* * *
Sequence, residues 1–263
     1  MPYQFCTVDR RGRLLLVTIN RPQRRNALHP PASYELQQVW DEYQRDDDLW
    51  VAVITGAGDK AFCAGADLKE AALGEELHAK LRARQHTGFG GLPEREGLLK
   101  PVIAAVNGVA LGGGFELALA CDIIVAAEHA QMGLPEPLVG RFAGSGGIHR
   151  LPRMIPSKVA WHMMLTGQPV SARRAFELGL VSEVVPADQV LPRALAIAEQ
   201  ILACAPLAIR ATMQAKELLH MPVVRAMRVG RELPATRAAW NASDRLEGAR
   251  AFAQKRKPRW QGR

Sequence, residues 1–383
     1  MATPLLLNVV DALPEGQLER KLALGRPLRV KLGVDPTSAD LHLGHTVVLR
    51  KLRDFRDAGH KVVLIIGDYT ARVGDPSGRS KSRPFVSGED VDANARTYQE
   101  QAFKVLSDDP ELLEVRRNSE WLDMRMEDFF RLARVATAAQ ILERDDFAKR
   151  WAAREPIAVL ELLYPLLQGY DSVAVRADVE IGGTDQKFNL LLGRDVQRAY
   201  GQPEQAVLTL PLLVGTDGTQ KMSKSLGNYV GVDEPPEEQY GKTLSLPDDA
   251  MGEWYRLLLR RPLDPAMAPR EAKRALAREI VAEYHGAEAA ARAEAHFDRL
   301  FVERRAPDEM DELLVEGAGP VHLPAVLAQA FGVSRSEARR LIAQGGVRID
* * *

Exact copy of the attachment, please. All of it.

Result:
Sequence, residues 1–263
     1  MPYQFCTVDR RGRLLLVTIN RPQRRNALHP PASYELQQVW DEYQRDDDLW
    51  VAVITGAGDK AFCAGADLKE AALGEELHAK LRARQHTGFG GLPEREGLLK
   101  PVIAAVNGVA LGGGFELALA CDIIVAAEHA QMGLPEPLVG RFAGSGGIHR
   151  LPRMIPSKVA WHMMLTGQPV SARRAFELGL VSEVVPADQV LPRALAIAEQ
   201  ILACAPLAIR ATMQAKELLH MPVVRAMRVG RELPATRAAW NASDRLEGAR
   251  AFAQKRKPRW QGR

Sequence, residues 1–383
     1  MATPLLLNVV DALPEGQLER KLALGRPLRV KLGVDPTSAD LHLGHTVVLR
    51  KLRDFRDAGH KVVLIIGDYT ARVGDPSGRS KSRPFVSGED VDANARTYQE
   101  QAFKVLSDDP ELLEVRRNSE WLDMRMEDFF RLARVATAAQ ILERDDFAKR
   151  WAAREPIAVL ELLYPLLQGY DSVAVRADVE IGGTDQKFNL LLGRDVQRAY
   201  GQPEQAVLTL PLLVGTDGTQ KMSKSLGNYV GVDEPPEEQY GKTLSLPDDA
   251  MGEWYRLLLR RPLDPAMAPR EAKRALAREI VAEYHGAEAA ARAEAHFDRL
   301  FVERRAPDEM DELLVEGAGP VHLPAVLAQA FGVSRSEARR LIAQGGVRID